How do you select your recruitment partners?

With recruitment consultants currently "jostling" for business, deciding which one to use can be a daunting task for HR, says trainer Ross Clennett.

Most hiring managers, he says in a recent newsletter, are "faced with a blanket of white noise that has only minor variations on 'We're a boutique, specialist recruiter with a focus on high quality client and candidate service'", he says.

Clennett says managers who want the services of a high-quality external recruiter should look for one that:

# Is a specialist - "Evidence of delivering great candidates for roles that are similar to your vacancy is an indication that they can access appropriate candidates quickly."

# Asks great questions - "Anyone can take a job brief. A skilled recruiter will ask you probing, relevant and thoughtful questions about the vacancy, your selection criteria and your organisation's operations and culture."

# Respectfully challenges you - "A recruiter who is prepared to professionally question some of your opinions or requirements, with respect to your selection criteria and desired remuneration or skills mix, is most likely to be a recruiter who is prepared, when necessary, to be unpopular in order to deliver the best outcome for all concerned."

# Uses a wide variety of sourcing strategies - "Does this recruiter just 'post-and-pray' on job boards and give their database a perfunctory search, or will they use other sourcing techniques to access candidates that other recruiters cannot?"

# Conducts thorough evidence-based interviews - "A recruiter who uses evidence-based interview techniques can provide facts rather than opinions about how a short-listed candidate's skills, competencies and motivation closely match the key selection criteria for your vacancy."

# Undertakes basic background checks - "Depending upon which research you believe, between 20 and 40 per cent of candidates have resumes that contain one or more significant inaccuracies and/or omissions. Recruiters should be explicit in communicating what background checks have been undertaken on the candidate prior to referring them to you."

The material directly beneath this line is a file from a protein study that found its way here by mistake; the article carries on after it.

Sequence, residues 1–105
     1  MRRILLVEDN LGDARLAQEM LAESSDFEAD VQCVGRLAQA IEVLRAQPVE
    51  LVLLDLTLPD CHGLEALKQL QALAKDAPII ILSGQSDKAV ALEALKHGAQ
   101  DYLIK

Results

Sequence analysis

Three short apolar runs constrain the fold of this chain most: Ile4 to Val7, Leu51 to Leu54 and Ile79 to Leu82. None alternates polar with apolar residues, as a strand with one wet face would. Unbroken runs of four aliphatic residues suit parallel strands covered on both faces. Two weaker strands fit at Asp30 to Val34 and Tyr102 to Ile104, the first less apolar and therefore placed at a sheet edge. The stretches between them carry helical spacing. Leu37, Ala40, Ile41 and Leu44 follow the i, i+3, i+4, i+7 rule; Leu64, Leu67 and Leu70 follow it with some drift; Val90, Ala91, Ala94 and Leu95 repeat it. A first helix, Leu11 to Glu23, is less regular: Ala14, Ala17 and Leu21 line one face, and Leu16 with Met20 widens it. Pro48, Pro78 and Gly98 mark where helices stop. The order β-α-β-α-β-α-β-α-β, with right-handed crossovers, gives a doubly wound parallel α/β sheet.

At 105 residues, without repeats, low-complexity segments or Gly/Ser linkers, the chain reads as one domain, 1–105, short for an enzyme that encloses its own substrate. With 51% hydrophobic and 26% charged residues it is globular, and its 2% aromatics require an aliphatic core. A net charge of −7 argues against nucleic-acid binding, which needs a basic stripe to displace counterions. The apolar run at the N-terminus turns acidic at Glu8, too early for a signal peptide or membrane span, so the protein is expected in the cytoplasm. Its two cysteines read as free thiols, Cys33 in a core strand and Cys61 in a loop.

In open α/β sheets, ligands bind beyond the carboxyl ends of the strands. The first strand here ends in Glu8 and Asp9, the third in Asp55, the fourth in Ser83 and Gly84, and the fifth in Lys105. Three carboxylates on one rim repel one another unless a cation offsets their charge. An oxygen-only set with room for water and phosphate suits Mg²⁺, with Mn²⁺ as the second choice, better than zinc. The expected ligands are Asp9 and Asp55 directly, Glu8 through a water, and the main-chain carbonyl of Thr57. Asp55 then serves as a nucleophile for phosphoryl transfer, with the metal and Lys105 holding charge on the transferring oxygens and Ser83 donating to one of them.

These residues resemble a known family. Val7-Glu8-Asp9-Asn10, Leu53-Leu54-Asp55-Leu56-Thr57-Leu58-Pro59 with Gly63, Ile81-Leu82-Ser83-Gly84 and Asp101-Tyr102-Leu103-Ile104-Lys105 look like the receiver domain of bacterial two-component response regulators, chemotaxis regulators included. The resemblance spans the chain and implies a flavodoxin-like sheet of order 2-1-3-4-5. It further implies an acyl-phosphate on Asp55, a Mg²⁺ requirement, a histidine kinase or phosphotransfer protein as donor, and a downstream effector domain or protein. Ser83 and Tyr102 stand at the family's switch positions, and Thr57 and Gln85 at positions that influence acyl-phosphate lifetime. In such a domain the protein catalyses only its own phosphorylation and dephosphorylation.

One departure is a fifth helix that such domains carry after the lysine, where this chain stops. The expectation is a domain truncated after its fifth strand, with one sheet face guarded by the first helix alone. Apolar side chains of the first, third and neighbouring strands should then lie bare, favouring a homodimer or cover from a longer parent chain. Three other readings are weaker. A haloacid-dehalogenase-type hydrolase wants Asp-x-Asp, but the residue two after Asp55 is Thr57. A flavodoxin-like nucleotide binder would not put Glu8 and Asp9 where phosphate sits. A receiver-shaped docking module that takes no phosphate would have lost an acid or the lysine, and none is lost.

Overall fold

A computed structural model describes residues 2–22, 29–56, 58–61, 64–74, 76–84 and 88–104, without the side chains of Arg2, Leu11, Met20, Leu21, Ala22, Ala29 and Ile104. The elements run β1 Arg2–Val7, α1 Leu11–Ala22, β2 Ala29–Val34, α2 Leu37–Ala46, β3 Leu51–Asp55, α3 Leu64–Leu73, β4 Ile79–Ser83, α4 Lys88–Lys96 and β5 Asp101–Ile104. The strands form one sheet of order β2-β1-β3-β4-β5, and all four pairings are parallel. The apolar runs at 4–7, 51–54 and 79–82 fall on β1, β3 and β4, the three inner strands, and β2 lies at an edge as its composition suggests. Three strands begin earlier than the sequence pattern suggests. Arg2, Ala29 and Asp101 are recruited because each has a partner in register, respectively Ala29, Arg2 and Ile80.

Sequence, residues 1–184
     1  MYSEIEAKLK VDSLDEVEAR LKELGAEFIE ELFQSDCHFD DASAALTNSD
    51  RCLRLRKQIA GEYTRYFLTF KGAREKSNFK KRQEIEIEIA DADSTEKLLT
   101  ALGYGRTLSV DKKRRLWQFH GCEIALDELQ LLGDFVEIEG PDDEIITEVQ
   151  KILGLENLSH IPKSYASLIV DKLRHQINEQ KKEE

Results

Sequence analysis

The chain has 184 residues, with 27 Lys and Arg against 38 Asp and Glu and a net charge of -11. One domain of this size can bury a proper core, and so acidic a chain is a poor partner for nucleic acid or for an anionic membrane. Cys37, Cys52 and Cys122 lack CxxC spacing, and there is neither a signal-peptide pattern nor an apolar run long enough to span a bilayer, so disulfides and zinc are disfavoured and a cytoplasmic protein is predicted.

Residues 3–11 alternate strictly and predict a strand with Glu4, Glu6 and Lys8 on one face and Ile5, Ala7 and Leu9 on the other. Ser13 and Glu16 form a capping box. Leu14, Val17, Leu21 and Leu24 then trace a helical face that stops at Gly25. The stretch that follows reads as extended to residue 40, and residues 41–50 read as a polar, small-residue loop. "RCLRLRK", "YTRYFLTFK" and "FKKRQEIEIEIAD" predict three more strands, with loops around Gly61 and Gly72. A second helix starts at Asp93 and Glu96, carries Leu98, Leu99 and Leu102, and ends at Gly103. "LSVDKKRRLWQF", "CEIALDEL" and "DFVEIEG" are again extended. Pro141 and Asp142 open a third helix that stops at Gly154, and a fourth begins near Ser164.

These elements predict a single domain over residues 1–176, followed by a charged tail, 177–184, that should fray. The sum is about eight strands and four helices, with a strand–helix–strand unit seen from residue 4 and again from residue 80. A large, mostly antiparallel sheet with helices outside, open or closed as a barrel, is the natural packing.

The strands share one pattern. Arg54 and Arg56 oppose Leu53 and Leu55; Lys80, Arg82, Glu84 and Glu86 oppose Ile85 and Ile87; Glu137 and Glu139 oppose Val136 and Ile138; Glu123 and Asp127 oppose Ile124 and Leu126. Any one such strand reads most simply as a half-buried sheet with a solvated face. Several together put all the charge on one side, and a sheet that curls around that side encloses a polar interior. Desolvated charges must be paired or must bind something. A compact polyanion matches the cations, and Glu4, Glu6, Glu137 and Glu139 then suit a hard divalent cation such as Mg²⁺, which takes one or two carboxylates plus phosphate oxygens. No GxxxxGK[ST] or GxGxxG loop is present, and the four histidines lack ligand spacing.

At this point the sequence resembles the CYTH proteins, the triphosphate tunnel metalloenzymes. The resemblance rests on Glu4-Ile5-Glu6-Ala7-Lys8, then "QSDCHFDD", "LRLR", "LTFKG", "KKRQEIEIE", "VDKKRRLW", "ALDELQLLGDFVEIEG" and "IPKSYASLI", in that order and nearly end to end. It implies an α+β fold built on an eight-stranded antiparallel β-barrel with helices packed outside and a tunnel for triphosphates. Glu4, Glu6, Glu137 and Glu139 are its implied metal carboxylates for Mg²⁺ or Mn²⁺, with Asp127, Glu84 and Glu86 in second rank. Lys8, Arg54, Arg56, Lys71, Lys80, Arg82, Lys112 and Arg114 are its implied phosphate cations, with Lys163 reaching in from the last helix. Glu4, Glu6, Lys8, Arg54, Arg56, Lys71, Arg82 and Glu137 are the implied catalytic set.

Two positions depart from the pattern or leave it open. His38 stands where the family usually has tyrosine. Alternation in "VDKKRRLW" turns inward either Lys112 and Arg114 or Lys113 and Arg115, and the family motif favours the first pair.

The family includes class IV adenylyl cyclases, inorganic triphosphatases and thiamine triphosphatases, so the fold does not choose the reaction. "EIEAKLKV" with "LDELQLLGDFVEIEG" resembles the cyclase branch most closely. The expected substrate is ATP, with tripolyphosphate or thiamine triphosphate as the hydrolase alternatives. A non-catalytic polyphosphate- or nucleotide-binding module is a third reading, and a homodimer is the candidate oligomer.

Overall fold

# Will be straight with you - "When I was a recruiter, a client once said to me that she always came back to me because I was prepared to tell her when I didn't have the candidate she wanted, rather than try and talk her into interviewing a candidate who was never going to be good enough."

# Is prepared to invest time in building a relationship - "How has the recruiter built their key client relationships in the past? What else of value has the recruiter provided to other clients, beyond candidates? It's not worth investing your time with a recruiter unless they can demonstrate they have done 'the hard yards' in building relationships with other clients."

Clennett recommends that HR and hiring managers discover all of this information by constructing a simple "recruiter interview template".

After gathering all the necessary facts they are better placed to make an informed choice when comparing different recruiters, he says.

He adds: "I would recommend each recruiter be given a chance to be heard on their own merits. Just because they work for a little-known company doesn't mean they aren't any good, and conversely working for a household-name recruiter is no guarantee of quality."